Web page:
I have some questions about the expansion of the universe:

  1. The expansion rate is almost 70 km/s for 1 Mpc, so lets say we have a rigid cylinder having a length of one Mpc. As far as I understand, the two extremities of that cylinder will have an "absolute speed" of 35 km/s in direction of the center of the cylinder. Is that correct?

  2. If that's correct, that would imply that a cylinder can't have a length greater than 8571 Mpc because that would imply extremities speed greater than light speed. Is that correct?

  3. If that's correct, that would imply that two objects or particules distant of more than 8571 Mpc can't get closer. Is that correct?

  4. If that's correct, that would imply that we will never be able to "see" an object distant from more than 8571 Mpc. Is that correct?


1 Answer 1


What you have calculated is the diameter of the Hubble sphere. The (average) recession velocity relative to us at a distance $d$ is given by:

$$ v = Hd $$

where $H$ is the Hubble constant, and you've calculated the distance at which the recession velocity is equal to the speed of light. Beyond this distance objects are moving at a velocity greater than the speed of light away from us.

Re your questions 3 and 4: it's important to distinguish between the Hubble sphere and the particle horizon. This is discussed in the question Is the edge of our Hubble Sphere within our Cosmic Event Horizon and why? However you are basically correct that barring some unexpected change in the expansion of the universe objects beyond the Hubble sphere are forever beyond our grasp.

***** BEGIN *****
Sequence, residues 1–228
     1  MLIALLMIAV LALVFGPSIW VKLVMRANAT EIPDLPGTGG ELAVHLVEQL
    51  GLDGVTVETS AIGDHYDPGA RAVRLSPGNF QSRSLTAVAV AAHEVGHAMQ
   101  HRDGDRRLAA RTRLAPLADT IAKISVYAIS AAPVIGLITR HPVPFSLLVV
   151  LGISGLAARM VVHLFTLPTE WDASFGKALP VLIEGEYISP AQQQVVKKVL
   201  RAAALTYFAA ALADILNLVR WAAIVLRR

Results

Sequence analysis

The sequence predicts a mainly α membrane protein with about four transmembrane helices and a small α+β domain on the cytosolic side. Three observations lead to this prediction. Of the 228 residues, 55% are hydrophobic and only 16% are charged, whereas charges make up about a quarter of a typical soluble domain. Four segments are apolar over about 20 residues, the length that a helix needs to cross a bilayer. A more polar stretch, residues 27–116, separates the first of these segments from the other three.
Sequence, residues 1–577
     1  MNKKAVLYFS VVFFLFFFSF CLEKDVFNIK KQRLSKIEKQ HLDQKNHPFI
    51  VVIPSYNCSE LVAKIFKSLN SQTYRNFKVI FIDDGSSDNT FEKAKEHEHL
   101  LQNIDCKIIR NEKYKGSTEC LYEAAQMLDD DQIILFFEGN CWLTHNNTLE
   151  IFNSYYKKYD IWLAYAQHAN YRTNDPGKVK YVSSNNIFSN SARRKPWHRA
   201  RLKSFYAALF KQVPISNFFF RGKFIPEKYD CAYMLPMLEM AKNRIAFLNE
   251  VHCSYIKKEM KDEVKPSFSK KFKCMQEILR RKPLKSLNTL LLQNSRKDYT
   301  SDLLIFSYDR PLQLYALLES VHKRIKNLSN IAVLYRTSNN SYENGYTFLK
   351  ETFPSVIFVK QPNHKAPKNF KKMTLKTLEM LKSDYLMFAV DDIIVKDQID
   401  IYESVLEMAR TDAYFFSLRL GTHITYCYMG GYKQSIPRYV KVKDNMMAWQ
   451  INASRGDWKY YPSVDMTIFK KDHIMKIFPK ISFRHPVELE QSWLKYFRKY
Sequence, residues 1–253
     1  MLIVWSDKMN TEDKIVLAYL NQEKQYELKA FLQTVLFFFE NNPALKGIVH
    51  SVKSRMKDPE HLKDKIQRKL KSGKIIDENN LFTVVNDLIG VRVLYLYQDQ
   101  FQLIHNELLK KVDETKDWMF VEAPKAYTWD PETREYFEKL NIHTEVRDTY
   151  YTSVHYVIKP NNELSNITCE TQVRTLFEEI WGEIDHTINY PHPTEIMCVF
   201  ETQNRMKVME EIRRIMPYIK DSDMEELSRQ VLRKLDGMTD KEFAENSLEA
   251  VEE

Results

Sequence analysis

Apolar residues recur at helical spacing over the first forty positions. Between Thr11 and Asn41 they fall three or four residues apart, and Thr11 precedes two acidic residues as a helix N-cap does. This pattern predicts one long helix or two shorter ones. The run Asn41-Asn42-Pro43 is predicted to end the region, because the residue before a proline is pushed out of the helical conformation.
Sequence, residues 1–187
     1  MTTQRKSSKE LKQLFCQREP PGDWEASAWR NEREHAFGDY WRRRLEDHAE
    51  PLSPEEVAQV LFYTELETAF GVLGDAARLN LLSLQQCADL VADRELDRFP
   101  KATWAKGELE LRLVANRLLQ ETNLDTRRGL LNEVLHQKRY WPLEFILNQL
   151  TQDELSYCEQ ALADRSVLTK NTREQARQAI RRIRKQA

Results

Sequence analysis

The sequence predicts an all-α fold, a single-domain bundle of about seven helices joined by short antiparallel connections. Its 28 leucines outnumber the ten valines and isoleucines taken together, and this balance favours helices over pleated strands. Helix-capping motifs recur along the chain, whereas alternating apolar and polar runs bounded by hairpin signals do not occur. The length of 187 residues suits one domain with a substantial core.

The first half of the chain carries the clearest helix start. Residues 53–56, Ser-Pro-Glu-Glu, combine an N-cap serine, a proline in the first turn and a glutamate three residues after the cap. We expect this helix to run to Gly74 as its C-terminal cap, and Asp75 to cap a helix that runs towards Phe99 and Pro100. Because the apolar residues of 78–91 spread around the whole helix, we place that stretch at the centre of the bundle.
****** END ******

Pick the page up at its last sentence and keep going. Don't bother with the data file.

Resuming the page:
• $\begingroup$ Thank you for your answers. What happens if a star reach the Hubble sphere ? does it just desapears (i mean from our point of view) ? $\endgroup$
    – BenLaz
    Sep 1, 2016 at 11:28
  • $\begingroup$ @BenLaz No, galaxies above redshift around 1.5 are all outside our HUbble sphere, and we observe them routinely. $\endgroup$
    – Thriveth
    Sep 1, 2016 at 16:01
  • $\begingroup$ @John Rennie: It is also important to distinguish between the particle horizon and the event horizon. I am not sure which one you are referring to in your answer? $\endgroup$
    – Thriveth
    Sep 1, 2016 at 16:03

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